First Great Awakening

George Whitefield

The First Great Awakening (often referred by historians as the Great Awakening) is the name sometimes given to a period of heightened religious activity, primarily in Great Britain and her North American colonies in the 1730s and 1740s. In New England, the Great Awakening was influential among many Congregationalists; while in the Middle and Southern colonies (especially in the rural regions of those colonies) the Awakening was influential among Presbyterians and other dissenting Protestants. Although the idea of a “great awakening” is contested, it is clear that the period was, particularly in New England, a time of increased religious activity. The revival began with Jonathan Edwards, a well-educated theologian and Congregationalist minister from Northampton, Massachusetts, who came from Puritan and Calvinist roots, but emphasized the importance and power of immediate, personal religious experience. Edwards was said to be “solemn, with a distinct and careful enunciation, and a slow cadence.”Nevertheless, his sermons were powerful and attracted a large following.” Sinners in the Hands of an Angry God,” is his most famous sermon and his essay, A Faithful Narrative of the Surprising Work of God, describes his local experience during the Awakening. The Methodist preacher George Whitefield, visiting from England, continued the movement, traveling across the colonies and preaching in a more dramatic and emotional style, accepting everyone into his audiences. The first new Congregational church in Massachusetts in the Great Awakening period of 1730-1740, was at the newly incorporated town of Uxbridge and was pastored by the Rev. Nathan Webb, a native of Braintree. The First Great Awakening is often credited with helping to forge a new national identity that served as backdrop to the American Revolution.


Those caught up in the movement likely experienced new forms of religiosity. They became passionately and emotionally involved in their religion, rather than passively listening to intellectual discourse in a detached manner. Ministers who used this new style of preaching were sometimes called “new lights,” while the preachers who remained unemotional were referred to as “old lights”. People affected by the revival began to study the Bible at home. This effectively decentralized the means of informing the public on religious manners and was akin to the individualistic trends present in Europe during the Protestant Reformation.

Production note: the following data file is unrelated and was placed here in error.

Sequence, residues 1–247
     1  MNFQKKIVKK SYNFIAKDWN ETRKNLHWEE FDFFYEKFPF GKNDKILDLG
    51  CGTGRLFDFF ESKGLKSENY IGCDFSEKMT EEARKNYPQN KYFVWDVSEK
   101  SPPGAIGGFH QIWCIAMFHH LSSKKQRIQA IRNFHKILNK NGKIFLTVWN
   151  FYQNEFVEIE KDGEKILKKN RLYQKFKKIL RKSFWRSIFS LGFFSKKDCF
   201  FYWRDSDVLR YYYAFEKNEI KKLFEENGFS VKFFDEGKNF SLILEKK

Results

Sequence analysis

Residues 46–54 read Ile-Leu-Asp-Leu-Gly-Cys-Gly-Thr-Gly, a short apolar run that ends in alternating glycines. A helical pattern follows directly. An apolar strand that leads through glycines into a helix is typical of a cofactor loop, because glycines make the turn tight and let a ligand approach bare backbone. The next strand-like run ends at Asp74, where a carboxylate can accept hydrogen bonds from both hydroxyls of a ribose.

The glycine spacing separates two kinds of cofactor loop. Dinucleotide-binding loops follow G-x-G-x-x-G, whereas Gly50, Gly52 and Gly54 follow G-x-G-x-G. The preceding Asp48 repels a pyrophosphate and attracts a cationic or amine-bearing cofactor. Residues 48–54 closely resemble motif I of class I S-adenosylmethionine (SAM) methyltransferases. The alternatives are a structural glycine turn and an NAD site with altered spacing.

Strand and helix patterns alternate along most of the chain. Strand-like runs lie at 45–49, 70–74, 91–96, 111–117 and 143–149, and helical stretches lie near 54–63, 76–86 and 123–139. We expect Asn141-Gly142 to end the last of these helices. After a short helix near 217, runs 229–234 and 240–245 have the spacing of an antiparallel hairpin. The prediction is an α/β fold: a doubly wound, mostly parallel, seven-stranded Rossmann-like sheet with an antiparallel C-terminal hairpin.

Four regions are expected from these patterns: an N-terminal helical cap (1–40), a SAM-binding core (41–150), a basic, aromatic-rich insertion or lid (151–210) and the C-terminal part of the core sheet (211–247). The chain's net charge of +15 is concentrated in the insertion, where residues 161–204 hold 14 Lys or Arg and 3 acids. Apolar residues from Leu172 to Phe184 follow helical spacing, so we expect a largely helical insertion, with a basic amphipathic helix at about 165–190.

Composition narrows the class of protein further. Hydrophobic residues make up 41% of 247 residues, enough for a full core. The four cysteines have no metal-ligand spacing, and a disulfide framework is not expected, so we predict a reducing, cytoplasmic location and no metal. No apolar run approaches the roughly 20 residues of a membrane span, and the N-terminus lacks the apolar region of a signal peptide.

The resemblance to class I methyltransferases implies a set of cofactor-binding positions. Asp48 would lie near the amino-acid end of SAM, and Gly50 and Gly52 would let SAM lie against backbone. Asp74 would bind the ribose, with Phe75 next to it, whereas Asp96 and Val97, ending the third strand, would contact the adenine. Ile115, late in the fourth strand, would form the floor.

Historians have debated whether the Awakening had a political impact on the American Revolution, which took place soon after. Heimert (1966) argues that Calvinism and Jonathan Edwards provided pre-Revolutionary America with a radical and democratic social and political ideology and that evangelical religion embodied and inspired a thrust toward American nationalism. Colonial Calvinism was the basis for the American Great Awakening and that in turn lay at the basis of the American Revolution. Heimert thus sees a major impact as the Great Awakening provided the radical American nationalism that prompted the Revolution. Awakening preachers sought to review God’s covenant with America and to repudiate the materialistic, acquisitive, corrupt world of an affluent colonial society. The source of this corruption lay in England, and a severance of the ties with the mother country would result in a rededication of America to the making of God’s Kingdom. However, Heimert has been criticized for not recognizing the differences between educated and uneducated evangelists, and for not recognizing the significance of Separate-Baptists and Methodists.